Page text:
6. #66
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    Quote Originally Posted by smokeAndMirrors View Post
    Meh. Then the question is oxymoronic, based on a category error. Its second half asks "is the sun?", clearly requiring an ontological assement pertaining to an intrinsic trait or set of traits, but asking us - if I am to accept your definition of "colour" to assign a subjective value to an objective quantity. So either the question is badly posed - and therefore we need debate no further - or the definition of "colour" admits that it be well-posed. In that latter case, "colour" then either can be applied intrinsically (hence my previous post holds), or conversely is subjective, from which there is no point posting, because if I perceive the sun as red (or square) due to a vision impairment then it would be correct to say the sun is red (or square). I would contend that squareness is not a quantity that can be empirically or theoretically applied to the sun (from a knowledge of stellar formation and magnetohydrodynamics), I am forced to conclude that my argument is the only valid one presented

    Agreed, like I said; a retorical question.
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  7. #67
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    Quote Originally Posted by JimBo View Post
    I just want him to stop taking showers, my garden is water logged LOL

    Colours always amaze me, and how they are described, it is OK for sighted people, when you are young you learn that an orange (fruit) is orange, a banana is yellow and grass is green. Now when people are colour blind that green grass may well appear to them what we know as blue. So they are taught that the colour they see as blue is known as green!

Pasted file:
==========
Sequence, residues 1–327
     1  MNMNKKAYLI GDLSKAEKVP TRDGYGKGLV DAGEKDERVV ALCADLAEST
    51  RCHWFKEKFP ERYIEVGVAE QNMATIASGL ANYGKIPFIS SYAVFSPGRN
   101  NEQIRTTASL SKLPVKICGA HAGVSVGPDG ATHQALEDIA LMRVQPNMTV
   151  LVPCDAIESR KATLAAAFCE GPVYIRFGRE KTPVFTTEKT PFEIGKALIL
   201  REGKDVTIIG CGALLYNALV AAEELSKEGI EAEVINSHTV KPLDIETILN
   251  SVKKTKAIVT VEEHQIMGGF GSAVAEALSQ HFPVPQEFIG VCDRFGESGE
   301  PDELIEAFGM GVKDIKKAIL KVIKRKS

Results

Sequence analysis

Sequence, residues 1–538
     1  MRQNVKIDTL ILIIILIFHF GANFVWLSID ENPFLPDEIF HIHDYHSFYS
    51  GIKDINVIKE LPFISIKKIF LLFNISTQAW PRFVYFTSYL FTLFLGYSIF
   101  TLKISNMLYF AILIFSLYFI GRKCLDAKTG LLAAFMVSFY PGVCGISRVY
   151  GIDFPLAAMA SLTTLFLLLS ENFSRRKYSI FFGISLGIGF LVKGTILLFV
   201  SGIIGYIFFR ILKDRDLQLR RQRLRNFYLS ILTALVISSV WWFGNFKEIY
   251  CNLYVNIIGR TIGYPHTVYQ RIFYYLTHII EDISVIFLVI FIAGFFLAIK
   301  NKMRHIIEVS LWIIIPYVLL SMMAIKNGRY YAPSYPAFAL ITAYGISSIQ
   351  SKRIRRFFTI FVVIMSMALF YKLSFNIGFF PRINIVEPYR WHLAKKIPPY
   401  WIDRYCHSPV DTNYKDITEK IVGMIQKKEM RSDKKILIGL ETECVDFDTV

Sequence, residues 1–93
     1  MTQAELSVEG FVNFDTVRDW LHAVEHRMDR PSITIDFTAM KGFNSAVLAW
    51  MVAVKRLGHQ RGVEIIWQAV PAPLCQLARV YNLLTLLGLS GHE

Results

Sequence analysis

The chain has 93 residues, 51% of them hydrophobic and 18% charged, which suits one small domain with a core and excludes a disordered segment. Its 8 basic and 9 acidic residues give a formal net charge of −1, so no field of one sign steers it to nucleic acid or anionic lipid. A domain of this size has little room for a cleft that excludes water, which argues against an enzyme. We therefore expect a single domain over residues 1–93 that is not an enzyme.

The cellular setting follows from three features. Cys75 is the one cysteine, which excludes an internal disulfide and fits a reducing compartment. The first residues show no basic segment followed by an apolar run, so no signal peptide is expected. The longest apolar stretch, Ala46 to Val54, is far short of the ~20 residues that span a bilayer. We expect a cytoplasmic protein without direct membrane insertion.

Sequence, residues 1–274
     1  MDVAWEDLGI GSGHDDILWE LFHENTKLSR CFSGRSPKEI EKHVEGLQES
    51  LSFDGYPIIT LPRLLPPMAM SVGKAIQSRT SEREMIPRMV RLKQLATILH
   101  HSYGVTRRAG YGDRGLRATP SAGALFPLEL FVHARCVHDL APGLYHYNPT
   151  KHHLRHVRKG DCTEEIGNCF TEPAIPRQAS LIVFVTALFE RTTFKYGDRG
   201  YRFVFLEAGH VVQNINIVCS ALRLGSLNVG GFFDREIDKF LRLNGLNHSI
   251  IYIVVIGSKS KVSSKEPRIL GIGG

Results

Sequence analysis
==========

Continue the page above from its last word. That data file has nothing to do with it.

What I always wonder is how people that are blind from birth understand what colours are, they obviously can't see an orange to know what orange is!
    Another conundrum, what colour is a mirror?

    Jim
    I am slightly colour blind, as was my grandad and my brother.
    Mainly confuse blues/purple/violet they all look very very similar, purple skies in my books from primary school. Also some greens and browns look pretty much identical, green dogs to match the purple skies in my young drawings.

    I discussed it with a friend years ago, the conclusion we came too was no one can be sure they are seeing what anyone else is, we all perceive things differently, I only know something is red because I was told that the red thing is red, your statement 'Now when people are colour blind that green grass may well appear to them what we know as blue. So they are taught that the colour they see as blue is known as green!' is totally correct, its odd, I work as a graphic designer and dont run into too many problems with colours, most clients can supply the hex values for their brand colours but I did once have to retouch an image of waves breaking on a beach, too much whitewater, I spent a good few hours, thought it looked sweet, the freaking sea was now purple

  8. #68
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    Ahhhh shit!

    Funny though
    Quote Originally Posted by Bubba_Zanetti View Post
    I spent a good few hours, thought it looked sweet, the freaking sea was now purple
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    Doc's website

    The Health and Safety Act 1971

    Recklessly interfering with Darwinís natural selection process, thereby extending the life cycle of dim-witted ignorami; thus perpetuating and magnifying the danger to us all, by enabling them to breed and walk amongst us, our children and loved ones.